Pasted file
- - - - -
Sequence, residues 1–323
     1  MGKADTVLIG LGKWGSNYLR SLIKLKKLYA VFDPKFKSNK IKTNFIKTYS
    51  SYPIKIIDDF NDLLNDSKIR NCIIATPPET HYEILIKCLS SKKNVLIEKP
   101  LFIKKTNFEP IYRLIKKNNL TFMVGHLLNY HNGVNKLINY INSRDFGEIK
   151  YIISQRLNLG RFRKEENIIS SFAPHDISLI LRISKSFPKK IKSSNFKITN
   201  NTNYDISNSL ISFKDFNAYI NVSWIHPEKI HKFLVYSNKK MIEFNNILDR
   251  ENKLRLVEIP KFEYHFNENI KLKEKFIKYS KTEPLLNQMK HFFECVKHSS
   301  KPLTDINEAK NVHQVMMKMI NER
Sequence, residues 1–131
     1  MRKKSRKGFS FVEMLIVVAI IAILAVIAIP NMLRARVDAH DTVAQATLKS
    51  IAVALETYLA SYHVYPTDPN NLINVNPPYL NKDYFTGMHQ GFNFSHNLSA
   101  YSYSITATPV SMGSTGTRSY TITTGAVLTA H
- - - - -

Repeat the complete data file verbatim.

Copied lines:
Sequence, residues 1–323
     1  MGKADTVLIG LGKWGSNYLR SLIKLKKLYA VFDPKFKSNK IKTNFIKTYS
    51  SYPIKIIDDF NDLLNDSKIR NCIIATPPET HYEILIKCLS SKKNVLIEKP
   101  LFIKKTNFEP IYRLIKKNNL TFMVGHLLNY HNGVNKLINY INSRDFGEIK
   151  YIISQRLNLG RFRKEENIIS SFAPHDISLI LRISKSFPKK IKSSNFKITN
   201  NTNYDISNSL ISFKDFNAYI NVSWIHPEKI HKFLVYSNKK MIEFNNILDR
   251  ENKLRLVEIP KFEYHFNENI KLKEKFIKYS KTEPLLNQMK HFFECVKHSS
   301  KPLTDINEAK NVHQVMMKMI NER
Sequence, residues 1–131
     1  MRKKSRKGFS FVEMLIVVAI IAILAVIAIP NMLRARVDAH DTVAQATLKS
    51  IAVALETYLA SYHVYPTDPN NLINVNPPYL NKDYFTGMHQ GFNFSHNLSA
   101  YSYSITATPV SMGSTGTRSY TITTGAVLTA H